Read A Tale of Magic... Online
Authors: Brandon Dorman
As Brystal browsed the shelves at the end of the hall, a book on the very top shelf caught her attention. Unlike all the leather-bound records surrounding it, this book had a wooden cover and practically blended into the wooden shelf.
Brystal had never noticed the strange book before, and as she marveled at its peculiar camouflage, she began wondering if
had ever noticed it.
“Could there be books in this library that have never been read before?” she wondered aloud. “What if
the first person to read something?”
The notion was very exciting. Brystal rolled a ladder to the end of the hall and climbed to the top shelf. She tried to retrieve the wooden book, but it didn’t budge.
“It’s probably been sitting here for centuries,” she speculated.
Brystal pulled on the book again, with all her strength, but it didn’t move. Her feet rose off the ladder as she used all her weight to try to pry it loose, but even that didn’t help. No matter how hard she tried, the wooden book wouldn’t part from the shelf.
“It must be nailed down! What kind of sick person would nail a book to—
Without warning, Brystal and the ladder were knocked to the floor by something large and heavy. When she looked up, Brystal discovered that the entire bookcase had swung away from the wall to reveal a long and dark hallway hidden behind it. She quickly realized the wooden book wasn’t a book at all—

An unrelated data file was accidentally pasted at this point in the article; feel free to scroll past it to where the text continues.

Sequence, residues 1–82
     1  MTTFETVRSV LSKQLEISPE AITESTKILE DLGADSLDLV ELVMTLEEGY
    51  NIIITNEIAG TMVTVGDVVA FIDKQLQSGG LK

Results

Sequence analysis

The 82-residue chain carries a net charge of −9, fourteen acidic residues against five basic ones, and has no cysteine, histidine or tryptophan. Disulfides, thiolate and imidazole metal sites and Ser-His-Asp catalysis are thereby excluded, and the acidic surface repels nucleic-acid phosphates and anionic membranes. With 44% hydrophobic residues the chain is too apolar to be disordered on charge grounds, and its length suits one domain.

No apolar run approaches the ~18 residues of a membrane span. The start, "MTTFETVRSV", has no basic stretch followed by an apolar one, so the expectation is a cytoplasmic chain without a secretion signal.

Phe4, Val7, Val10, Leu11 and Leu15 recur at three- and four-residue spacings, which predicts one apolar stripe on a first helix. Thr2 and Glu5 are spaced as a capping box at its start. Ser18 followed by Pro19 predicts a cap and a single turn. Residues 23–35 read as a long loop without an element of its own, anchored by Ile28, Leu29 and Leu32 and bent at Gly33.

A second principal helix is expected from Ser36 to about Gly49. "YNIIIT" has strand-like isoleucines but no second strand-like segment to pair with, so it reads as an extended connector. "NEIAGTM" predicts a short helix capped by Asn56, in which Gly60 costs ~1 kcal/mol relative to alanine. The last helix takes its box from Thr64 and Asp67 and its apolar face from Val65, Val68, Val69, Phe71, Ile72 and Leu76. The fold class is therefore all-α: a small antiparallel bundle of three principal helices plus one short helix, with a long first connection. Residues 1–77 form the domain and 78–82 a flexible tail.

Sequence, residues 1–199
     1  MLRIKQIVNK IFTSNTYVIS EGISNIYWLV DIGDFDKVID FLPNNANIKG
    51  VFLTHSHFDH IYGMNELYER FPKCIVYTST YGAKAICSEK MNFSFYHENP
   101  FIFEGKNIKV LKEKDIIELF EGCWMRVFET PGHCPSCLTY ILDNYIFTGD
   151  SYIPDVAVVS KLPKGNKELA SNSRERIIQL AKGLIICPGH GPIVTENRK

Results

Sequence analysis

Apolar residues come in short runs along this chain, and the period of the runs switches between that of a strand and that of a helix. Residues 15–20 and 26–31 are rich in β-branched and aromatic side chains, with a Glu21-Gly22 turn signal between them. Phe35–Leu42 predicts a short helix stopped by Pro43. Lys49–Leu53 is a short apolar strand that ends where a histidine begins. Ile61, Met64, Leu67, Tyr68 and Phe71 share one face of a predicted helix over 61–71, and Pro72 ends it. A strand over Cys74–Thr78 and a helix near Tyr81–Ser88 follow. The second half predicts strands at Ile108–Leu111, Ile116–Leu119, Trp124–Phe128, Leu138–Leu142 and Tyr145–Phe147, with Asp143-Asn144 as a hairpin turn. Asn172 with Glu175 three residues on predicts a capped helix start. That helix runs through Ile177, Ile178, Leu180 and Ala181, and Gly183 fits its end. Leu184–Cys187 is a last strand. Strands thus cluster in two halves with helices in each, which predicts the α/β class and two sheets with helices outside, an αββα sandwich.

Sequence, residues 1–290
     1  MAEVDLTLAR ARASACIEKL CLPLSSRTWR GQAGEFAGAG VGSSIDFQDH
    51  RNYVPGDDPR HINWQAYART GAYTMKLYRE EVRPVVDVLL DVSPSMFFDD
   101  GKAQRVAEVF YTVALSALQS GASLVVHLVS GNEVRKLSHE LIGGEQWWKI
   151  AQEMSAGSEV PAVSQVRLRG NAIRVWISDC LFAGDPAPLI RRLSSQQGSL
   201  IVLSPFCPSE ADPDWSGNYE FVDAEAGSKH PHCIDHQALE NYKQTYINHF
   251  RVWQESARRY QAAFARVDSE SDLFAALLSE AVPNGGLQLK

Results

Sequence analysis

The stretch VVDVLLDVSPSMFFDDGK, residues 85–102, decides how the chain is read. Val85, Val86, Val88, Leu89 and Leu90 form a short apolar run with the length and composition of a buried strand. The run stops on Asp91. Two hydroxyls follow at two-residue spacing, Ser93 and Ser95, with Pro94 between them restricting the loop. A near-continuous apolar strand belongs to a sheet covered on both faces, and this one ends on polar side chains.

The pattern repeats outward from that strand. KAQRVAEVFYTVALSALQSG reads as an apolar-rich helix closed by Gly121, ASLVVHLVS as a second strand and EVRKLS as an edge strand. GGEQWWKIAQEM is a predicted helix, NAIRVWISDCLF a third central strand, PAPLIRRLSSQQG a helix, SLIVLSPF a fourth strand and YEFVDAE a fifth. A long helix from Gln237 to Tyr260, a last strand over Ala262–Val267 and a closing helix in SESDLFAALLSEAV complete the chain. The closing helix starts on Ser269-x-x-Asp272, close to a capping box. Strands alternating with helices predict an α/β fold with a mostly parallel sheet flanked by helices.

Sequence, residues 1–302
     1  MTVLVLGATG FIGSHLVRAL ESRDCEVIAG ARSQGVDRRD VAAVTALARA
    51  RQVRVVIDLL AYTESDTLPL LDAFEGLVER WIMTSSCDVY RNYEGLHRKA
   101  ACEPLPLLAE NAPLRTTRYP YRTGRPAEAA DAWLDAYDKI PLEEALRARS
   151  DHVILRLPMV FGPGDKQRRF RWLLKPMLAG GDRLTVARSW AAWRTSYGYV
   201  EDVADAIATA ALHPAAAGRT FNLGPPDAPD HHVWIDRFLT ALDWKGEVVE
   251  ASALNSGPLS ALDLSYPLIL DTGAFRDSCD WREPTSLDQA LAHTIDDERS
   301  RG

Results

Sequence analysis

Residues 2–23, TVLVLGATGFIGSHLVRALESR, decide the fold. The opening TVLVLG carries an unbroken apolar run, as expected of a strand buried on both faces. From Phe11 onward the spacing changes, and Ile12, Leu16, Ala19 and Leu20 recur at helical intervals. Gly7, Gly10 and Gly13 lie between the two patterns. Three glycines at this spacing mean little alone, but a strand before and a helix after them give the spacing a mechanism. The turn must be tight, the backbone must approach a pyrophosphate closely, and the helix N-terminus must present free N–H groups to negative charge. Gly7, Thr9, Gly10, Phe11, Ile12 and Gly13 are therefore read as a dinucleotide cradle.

it was a lever to a secret door
“Hello?” Brystal nervously called into the hallway. “Is someone there?”
The only thing she heard was her own voice echoing back to her.
“If anyone can hear me, I’m sorry about this,” she said. “I was just cleaning the shelf and it opened. I wasn’t expecting to find a door to… to…
wherever this creepy hall leads
Once again, there was no reply. Brystal assumed the hidden corridor was just as empty as the rest of the library and didn’t see any harm in inspecting it. She retrieved a lantern and slowly walked down the hall to see where it led. At the end of the hallway, Brystal found a wide metal door with a plaque bolted on it:
She reached for the doorknob and her heart fluttered when she felt it was unlocked. The metal door creaked open and the sound echoed into the empty library behind her. Curiosity overpowered her judgment, and before Brystal could stop herself, she disregarded the sign and stepped through the door.
“Hello? Is anyone in here?” she asked. “Innocent maid coming through.”
Brystal found a small room with a low ceiling on the other side of the door. Luckily, it was just as vacant as she had predicted. The walls had no windows or artwork but were lined with black bookcases. The only furniture was a small table and a single chair in the center of the room. An empty candlestick adorned the table, and a coatrack stood beside it with only two hooks: for one hat and one coat. Based on the minimal furnishings, Brystal figured the room was meant for only
Justice at a time.
She put on her reading glasses and raised her lantern toward a bookcase to see what kind of books were kept in the secret library. To her surprise, the Justices’ collection was sparse. Each shelf contained less than a dozen titles, and every book was next to a file of paperwork. Brystal selected the thickest book from the nearest shelf and read the cover: